November 11, 2004

Animal rights protests barred

A giant new building for conducting experiments on animals at Oxford University has been on hold since the contractor withdrew because of protests. But should a new contractor be found, the building is already protected by an injunction against protesters coming within 50 yards of it.

The judge, a Mr. Grigson, said the injunction did not prevent anyone from expressing his views: "What it does restrict is to whom and where he expresses those views." That is, you are free to express your views as long as they don't bother anyone.

The attorney for the university, Tim Lawson-Cruttenden, said the injunction was a win for liberal democracy: "I'm pleased that we're beginning to maintain the right not to be unlawfully harassed in a liberal democracy." That is, if we find protests troubling we can declare them to be illegal, and the liberal principles that depend so much on animal research may continue without the harassment of opposed opinion.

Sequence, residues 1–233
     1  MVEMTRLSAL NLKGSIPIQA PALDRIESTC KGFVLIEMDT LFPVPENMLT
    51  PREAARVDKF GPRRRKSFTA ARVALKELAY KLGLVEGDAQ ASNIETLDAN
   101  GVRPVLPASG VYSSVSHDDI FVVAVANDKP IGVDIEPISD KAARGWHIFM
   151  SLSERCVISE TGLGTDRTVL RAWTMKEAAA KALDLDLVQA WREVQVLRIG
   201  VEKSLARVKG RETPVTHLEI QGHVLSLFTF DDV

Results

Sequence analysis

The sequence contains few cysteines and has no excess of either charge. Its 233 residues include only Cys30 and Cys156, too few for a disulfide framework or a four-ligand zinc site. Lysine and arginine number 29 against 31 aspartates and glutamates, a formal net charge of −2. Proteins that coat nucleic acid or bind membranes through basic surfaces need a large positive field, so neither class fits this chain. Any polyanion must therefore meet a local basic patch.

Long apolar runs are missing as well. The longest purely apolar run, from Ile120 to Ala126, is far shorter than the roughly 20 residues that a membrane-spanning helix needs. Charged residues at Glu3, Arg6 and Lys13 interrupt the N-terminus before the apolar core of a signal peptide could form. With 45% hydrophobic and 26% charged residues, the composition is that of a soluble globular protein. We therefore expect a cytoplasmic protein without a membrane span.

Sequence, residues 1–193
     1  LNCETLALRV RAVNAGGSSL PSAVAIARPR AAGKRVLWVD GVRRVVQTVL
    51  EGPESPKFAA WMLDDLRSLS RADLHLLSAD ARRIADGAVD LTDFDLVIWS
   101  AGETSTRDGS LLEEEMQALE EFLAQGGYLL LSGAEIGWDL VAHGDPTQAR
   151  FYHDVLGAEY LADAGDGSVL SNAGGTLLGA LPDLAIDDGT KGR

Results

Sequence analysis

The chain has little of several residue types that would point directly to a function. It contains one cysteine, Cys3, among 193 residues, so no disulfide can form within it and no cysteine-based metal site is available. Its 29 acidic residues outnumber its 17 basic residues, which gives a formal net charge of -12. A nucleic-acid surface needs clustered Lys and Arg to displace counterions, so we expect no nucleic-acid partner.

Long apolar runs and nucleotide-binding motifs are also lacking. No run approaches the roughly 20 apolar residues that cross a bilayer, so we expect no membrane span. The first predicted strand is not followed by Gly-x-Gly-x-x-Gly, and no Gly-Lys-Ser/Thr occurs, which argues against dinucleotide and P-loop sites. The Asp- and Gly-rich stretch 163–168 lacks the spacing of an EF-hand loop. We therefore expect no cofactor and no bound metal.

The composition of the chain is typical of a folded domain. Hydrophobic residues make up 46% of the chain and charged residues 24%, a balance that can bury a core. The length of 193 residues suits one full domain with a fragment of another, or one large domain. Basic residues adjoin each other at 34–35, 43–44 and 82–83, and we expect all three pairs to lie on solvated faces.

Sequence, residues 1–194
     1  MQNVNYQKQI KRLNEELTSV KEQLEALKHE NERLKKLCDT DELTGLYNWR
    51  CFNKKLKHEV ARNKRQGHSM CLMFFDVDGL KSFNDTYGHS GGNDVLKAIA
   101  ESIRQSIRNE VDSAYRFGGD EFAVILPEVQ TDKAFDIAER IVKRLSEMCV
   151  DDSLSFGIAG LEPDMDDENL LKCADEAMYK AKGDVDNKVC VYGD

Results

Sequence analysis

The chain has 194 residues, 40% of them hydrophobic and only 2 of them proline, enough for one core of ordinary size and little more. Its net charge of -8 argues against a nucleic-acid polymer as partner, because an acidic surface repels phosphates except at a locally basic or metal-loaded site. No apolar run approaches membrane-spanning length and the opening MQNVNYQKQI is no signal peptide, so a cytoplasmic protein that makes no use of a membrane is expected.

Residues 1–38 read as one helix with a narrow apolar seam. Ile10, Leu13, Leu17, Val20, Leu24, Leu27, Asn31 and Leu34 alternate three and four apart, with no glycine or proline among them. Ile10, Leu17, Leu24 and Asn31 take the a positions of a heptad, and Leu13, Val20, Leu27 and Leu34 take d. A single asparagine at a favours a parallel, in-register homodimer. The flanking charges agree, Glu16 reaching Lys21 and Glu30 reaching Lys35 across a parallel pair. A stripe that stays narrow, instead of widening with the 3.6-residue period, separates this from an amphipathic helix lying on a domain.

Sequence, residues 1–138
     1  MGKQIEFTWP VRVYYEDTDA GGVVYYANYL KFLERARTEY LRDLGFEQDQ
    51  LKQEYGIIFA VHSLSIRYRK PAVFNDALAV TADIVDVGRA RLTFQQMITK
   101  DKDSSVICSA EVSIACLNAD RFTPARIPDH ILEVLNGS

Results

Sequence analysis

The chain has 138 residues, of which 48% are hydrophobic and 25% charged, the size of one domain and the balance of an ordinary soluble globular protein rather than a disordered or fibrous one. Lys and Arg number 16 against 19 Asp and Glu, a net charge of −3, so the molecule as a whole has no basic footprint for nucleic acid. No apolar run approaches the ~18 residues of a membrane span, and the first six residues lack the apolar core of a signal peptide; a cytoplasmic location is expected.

The vice-chancellor of Oxford, John Hood, admitted that the vast majority of protesters had acted within the law: "By obtaining this injunction the University of Oxford is not seeking to stifle the views of those groups and individuals with whom we disagree." Only, as Mr. Justice Grigson made clear, to restrict it, whether it was legal before or not.

The "liberal" principle at work here is that researchers should be able to look out their windows and not be reminded that their work is cruel and meaningless, that people who would harass those noble academics by expressing opposition must be labelled as terrorists or the whole house of cards risks collapse.